While one student pours cola down his gullet, one pours soap powder into a machine at Northwestern University in 1957. No doubt those argyle socks will be at the bottom of next week’s hamper. Have you ever used powdered soap?
The ladies below operate a more outdated model of washer, back in 1947. However, the flat lid seems helpful in removing items. One dame appears to be posting rules, although it seems difficult to lean all the way over the washer just to read them. A boy and a pram stand at the outer edge of the shot.
Once laundry is done drying, it must be folded and put away.
No, you mustn’t leave it in there to cool.
No, you mustn’t drape it over a chair in procrastination.
Just dump it on the couch and fold it as you watch TV. Then put it away in drawers, as these Texas ladies did in 1948.
A serviceman gazes up at mostly-white skivvies drying in the warm Genoan sun as he steadily climbs upward in the Truogoli di Santa Brigida. Due to a shortage of space, Genoan buildings grow upward.
Incidentally, the quiet nook of Truogoli di Santa Brigida receives a 4.5 out of 5 stars on TripAdvisor.
One reviewer said, “ジェノバ・プリンチペ駅から王宮へ向かって道を下る途中、王宮手前の右手に路地へ入っていく場所がある。 この様に口コミサイ…” which means “much fun party!” No, I don’t know what that says.
Another review read, “Reliable local simple and tasty cuisine, in a beautiful and typical square of the historic center of Genoa, just behind the Royal Palace of Via Balbi. Among the first great typical ravioli Genoese touch and fresh pasta, good also with meat, often cooked according to traditional recipes from Liguria (rabbit, roast), plus a few fast and light dish like octopus with vegetables. Discrete bottled wines, excellent quality/price ratio.”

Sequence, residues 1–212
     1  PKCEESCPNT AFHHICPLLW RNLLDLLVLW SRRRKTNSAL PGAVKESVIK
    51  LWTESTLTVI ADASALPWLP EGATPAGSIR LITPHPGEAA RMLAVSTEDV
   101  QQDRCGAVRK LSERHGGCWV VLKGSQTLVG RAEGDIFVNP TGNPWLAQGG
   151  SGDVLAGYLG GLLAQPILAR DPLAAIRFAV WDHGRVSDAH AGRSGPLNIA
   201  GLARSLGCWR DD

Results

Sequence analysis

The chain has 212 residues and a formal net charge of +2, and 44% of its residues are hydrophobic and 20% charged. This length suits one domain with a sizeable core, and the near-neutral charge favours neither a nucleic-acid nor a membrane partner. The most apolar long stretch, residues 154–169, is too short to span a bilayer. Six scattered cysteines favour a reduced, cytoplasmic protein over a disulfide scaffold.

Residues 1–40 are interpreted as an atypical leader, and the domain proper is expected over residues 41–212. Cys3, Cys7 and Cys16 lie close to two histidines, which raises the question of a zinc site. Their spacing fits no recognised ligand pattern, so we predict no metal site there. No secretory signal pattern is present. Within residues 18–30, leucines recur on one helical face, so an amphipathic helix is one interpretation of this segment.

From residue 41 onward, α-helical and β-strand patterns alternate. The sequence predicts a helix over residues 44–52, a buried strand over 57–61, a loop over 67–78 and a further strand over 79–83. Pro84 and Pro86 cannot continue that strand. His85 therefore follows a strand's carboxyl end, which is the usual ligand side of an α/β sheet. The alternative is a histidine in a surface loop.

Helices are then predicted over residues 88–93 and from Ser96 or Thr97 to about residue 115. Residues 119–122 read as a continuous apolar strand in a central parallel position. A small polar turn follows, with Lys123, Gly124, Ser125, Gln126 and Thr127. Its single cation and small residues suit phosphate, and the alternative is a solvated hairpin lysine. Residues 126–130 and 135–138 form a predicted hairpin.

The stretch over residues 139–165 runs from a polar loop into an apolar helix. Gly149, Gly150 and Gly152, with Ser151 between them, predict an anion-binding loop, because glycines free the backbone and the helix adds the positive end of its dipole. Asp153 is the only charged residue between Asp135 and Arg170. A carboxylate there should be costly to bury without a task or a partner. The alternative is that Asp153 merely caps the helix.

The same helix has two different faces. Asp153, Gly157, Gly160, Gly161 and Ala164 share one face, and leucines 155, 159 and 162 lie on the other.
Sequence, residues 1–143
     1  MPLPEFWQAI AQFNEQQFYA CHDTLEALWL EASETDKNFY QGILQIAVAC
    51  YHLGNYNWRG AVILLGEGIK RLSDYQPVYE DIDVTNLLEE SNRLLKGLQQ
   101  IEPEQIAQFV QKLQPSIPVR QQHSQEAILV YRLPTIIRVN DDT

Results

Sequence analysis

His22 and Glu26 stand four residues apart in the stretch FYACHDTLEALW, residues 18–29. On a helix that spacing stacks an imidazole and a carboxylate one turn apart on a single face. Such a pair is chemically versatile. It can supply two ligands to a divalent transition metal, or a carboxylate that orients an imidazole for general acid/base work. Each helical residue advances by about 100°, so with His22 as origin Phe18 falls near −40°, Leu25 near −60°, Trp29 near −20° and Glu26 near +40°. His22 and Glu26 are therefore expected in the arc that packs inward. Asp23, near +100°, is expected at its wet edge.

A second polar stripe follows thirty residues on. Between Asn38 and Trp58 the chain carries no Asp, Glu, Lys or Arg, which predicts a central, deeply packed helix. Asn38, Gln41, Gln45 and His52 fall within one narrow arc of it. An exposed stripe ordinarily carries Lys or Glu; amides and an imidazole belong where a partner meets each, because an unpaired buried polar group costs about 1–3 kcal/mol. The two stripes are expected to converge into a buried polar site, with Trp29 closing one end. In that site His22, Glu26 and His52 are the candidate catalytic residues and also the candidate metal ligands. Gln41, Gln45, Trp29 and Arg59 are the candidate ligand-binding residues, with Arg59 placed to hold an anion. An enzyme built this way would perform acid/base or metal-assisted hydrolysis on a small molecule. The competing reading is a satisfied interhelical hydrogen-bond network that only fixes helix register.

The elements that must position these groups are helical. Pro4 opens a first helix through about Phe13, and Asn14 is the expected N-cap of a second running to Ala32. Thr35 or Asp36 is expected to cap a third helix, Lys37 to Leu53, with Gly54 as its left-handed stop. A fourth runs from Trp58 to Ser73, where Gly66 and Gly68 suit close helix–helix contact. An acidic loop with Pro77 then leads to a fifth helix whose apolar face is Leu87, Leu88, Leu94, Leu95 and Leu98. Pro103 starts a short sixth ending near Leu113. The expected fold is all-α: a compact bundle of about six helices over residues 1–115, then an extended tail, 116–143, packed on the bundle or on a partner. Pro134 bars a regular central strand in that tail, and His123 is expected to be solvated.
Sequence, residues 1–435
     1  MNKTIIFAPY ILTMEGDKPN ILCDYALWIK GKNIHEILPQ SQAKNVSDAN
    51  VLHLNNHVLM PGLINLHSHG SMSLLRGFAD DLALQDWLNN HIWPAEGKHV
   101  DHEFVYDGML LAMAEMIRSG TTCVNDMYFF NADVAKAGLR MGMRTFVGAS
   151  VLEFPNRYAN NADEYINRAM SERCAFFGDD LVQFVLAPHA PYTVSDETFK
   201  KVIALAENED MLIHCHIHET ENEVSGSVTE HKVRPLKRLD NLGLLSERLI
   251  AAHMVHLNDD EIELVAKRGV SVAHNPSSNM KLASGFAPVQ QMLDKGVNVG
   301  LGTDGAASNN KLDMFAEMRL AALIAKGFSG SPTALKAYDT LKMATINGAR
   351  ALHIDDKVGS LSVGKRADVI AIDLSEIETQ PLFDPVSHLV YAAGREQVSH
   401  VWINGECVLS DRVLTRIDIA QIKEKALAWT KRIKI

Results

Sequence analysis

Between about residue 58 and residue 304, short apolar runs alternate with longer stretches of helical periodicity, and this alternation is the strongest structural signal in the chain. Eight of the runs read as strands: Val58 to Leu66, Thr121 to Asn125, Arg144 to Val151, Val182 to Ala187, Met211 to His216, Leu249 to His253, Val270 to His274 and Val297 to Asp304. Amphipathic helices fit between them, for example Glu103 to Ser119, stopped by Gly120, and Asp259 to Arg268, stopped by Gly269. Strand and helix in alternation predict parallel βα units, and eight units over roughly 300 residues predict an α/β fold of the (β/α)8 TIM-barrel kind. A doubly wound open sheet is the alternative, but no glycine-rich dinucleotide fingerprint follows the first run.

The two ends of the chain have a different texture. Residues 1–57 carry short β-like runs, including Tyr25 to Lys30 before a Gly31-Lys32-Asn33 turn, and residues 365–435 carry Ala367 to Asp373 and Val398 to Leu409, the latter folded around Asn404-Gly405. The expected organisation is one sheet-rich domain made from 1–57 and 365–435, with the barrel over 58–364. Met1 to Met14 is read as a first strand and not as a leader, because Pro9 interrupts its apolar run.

Makes one wonder if the laundry drying in the Italian sun would smell “linen fresh” or ripe with hints of game and basil…
This just broke my brain. That is not a flat iron. That is not a Chi. Drying clothes happens inside a house, not near trees. Serious planning and diagramming was involved to just DRY CLOTHES. The woman on the right looks quite vexed, like an angry cat. She needs a box of wine.
And check out the master of coat hanger origami.
Oh, my poor grandmothers! I haven’t hung stockings/hose to dry this century. Does anyone wear pantyhose any more? Is metallurgy required? Does anyone even USE WIRE HANGERS? I sure as H do not. I saw Mommy Dearest. I’m no fool.
And what on earth is this? I can do both the Mashed Potato and the Twist, but not in a bowl of pajamas.
What kind of female McGyver was the housewife of yesteryear supposed to be? She was too busy making avocado melon Jell-O molds to dabble in repurposing kitchen utensils. Ain’t nobody got time for that.